While recently analyzing a few new IoT devices, there was one that didn't fall within an hour of analysis. Devices that provide 'local' APIs (i.e. services exposed to the local network) tend to be a lot easier to exploit. A buffer overflow here. A command injection there. Pre-authorization exploits abound! But, devices that only listen to external services for commands tend to be harder targets. Requiring TLS for the API endpoint makes these devices harder to attack. Just spoofing an API endpoint is generally not enough, especially with proper use of certificate checks. Your determined attacker needs to find a better way. This device repelled my non-physical attacks better than expected, by being so very dumb.
By bouncing data off a remote service, you control the conversation. Your API front-end servers might be able to deal with daily code pushes. Web application firewalls and third-party (and heavy!) security solutions can provide a security blanket. Input sanitization is much less costly done in the cloud. Exposing a TLS endpoint is low-cost, and you can roll your certificates on a regular basis. And, best of all, you can control the input your device receives. No passing spurious nulls in a string to get around input validation. Forget about an integer arriving in a string field making a mess of everything. You minimize the chances of trivial formatting and field overflow attacks by controlling both endpoints the device talks to.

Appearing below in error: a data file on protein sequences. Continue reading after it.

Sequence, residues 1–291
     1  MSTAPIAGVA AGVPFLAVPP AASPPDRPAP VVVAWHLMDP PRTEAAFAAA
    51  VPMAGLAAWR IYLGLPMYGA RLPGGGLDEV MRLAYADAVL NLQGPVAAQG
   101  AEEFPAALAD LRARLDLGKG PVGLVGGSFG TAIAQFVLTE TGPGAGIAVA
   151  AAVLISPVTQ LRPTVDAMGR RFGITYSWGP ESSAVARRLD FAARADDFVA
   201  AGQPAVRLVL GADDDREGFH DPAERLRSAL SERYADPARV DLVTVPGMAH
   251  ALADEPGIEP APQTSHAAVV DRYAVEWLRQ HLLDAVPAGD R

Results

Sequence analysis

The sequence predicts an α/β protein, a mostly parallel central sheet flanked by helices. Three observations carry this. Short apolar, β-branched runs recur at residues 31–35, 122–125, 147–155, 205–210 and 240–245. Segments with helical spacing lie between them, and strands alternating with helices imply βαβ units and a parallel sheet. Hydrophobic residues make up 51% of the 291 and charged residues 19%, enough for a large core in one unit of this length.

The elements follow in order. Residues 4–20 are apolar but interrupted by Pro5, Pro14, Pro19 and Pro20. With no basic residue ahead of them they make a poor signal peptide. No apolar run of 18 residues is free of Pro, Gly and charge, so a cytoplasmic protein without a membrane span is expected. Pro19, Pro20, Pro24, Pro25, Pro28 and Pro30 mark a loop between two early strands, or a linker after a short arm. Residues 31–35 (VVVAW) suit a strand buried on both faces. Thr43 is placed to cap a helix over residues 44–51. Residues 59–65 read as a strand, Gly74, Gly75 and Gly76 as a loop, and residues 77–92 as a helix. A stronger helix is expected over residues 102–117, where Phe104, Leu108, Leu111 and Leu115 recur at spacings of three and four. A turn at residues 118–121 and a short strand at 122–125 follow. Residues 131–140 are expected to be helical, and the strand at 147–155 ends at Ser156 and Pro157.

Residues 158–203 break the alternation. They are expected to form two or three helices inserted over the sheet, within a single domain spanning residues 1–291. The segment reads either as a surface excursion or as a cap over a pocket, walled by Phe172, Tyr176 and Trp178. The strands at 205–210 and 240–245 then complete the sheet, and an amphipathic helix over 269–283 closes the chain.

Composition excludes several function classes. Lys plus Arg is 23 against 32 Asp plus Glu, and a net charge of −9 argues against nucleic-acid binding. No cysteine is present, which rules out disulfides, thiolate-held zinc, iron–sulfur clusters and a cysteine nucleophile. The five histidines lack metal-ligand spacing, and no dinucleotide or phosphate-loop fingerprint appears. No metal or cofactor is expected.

This does mean you need a CA Certificate bundle on your device to verify the endpoint. This also means you need to keep your certificates up to date. You're doing that already though, right? But that can be a small price to pay when you create an environment that raises the bar to 0-day grade attacks.
With such, the most likely option to subvert your device becomes a physical attack. Modifying hardware raises the barrier of attack against your customers. This reduces the likelihood that your device will become the vector for something worse.
Of course, requiring an external service to act as a command and control has its downsides. For one, your device is useless without an Internet connection. The idea of all your data going out to the cloud can also make people uncomfortable. It's easy to generate scary press around that, too. Some jurisdictions have strict requirements for how you manage customer data. This could create an untenable administrative burden for your company.
This is not a perfect solution. DNS poisoning makes it possible to redirect traffic to a different IP address. Errors in certificate checking can allow forged certificates to pass for the real thing, but these can be harder attacks to execute. A sophisticated attacker could have access to an intermediate signing certificate, so all bets are off. But, most of all, what you're building starts to look like a botnet. Unlike a malicious botnet, though, you're invited to provide value to your customer. So better be sure your service never goes down...